Posts Tagged: local governments
A landfill gas collection site in Sunnyvale. (Photo: Michael Vi, via Shutterstock)
OPINION: Reducing the amount of organic waste that is buried in California landfills is an environmental imperative. As state policy mandates, something has to be done to choke back the production of methane, the gas that is generated when table scraps, yard clippings and other organic materials decompose underground.
Businesses in Cambria line a street usually bustling with customers, but now deserted due to the coronavirus (Photo; randy andy, via Shutterstock)
OPINION: Under California’s police powers, Gov. Newsom’s gently named “Stay at Home” mandates the closure of all non-essential travel, activities and businesses. Small businesses have been inevitably forced to shutter their doors. Similarly, non-profits which account for 10% of the U.S. GDP and employ 12 million workers, are no doubt also affected.
A utility worker handles repairs on a power pole. (Photo: Richard Thornton, via Shutterstock)
PG&E’s reputation has been so battered over its wildfire liabilities and other problems that some think it should change its name. A group of bondholders trying to take over the utility company has proposed that they re-brand it to Golden State Power Light & Gas Co. They made the proposal during proceedings in PG&E’s bankruptcy court case earlier this year.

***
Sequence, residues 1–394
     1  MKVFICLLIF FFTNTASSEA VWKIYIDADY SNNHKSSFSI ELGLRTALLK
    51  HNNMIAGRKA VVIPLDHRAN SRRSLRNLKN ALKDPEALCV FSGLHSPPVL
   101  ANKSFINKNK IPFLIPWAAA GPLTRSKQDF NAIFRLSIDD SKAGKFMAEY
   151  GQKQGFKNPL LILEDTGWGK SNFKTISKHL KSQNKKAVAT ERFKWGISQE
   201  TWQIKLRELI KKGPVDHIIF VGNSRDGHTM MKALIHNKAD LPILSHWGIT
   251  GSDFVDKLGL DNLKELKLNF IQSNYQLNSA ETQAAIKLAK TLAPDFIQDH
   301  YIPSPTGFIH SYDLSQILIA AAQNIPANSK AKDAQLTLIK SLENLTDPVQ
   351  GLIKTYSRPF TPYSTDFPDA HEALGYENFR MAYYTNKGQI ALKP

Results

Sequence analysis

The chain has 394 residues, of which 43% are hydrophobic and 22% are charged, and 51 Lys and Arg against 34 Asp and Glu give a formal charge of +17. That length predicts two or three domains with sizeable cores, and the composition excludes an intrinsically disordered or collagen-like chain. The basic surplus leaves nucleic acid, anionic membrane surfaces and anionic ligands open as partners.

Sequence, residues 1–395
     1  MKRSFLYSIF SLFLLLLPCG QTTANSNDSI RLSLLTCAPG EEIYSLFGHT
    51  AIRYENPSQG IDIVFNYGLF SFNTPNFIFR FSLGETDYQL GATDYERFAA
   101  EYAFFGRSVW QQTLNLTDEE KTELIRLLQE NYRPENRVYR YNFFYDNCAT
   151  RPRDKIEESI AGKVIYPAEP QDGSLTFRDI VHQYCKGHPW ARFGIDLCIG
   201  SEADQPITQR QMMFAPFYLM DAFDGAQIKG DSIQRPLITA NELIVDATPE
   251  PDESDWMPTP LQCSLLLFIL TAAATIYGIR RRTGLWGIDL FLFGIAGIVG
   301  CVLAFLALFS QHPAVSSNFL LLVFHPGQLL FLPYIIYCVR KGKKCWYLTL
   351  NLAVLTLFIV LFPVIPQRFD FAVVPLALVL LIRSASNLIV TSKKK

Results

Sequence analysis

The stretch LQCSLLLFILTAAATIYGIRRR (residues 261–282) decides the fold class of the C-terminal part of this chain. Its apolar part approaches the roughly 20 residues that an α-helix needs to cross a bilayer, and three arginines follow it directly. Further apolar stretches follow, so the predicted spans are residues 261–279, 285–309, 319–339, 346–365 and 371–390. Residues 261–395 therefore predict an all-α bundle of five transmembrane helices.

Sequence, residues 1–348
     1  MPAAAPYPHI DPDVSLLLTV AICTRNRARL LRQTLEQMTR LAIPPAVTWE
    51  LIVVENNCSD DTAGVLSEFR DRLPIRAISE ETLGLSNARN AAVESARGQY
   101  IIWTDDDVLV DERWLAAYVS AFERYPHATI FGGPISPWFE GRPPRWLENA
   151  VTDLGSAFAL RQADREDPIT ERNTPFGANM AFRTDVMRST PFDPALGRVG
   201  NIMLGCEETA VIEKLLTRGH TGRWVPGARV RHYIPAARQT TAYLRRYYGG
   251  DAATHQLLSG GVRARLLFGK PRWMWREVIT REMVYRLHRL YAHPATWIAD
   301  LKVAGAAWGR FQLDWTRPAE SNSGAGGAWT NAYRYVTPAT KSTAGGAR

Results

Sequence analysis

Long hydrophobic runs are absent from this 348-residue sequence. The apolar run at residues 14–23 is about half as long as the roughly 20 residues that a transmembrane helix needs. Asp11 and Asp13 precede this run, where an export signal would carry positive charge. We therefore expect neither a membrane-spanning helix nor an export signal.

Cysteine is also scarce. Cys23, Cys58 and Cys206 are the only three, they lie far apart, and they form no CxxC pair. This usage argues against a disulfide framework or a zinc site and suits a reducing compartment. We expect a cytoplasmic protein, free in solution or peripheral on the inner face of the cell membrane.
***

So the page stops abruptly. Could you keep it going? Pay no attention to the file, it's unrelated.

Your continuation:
The late Paul Gann, center, and Howard Jarvis clasp their hands in victory as their ballot initiative, Proposition 13, takes a commanding lead on election night, June 7, 1978. (AP Photo)
Months after President Trump slashed corporations’ federal tax rate, a coalition of progressive California groups is hoping to raise their property taxes. The Schools and Communities First Coalition, which includes the League of Women Voters, Evolve California and other organizations, is seeking signatures to put an initiative on the ballot that would institute a “split roll” property tax system.
An indoor marijuana grow in California. (Photo: Mitch M., via Shutterstock)
OPINION: No one expected California’s legalization of recreational cannabis, barely two months’ old, to be without plenty of problems. In a mixed metaphor so often the trait of politicians, state Sen. Mike McGuire noted, “… as I have always said, this is a tall mountain to climb and we are currently building the airplane and flying it at the same time.”
A mid-1930s truck on a Kern County highway. (Photo: Joseph Sohm, Shutterstock)
OPINION: They blew it. Fifteen months ago, Governor Brown called the Legislature into special session to find new ways to pay for the state’s aging transportation system.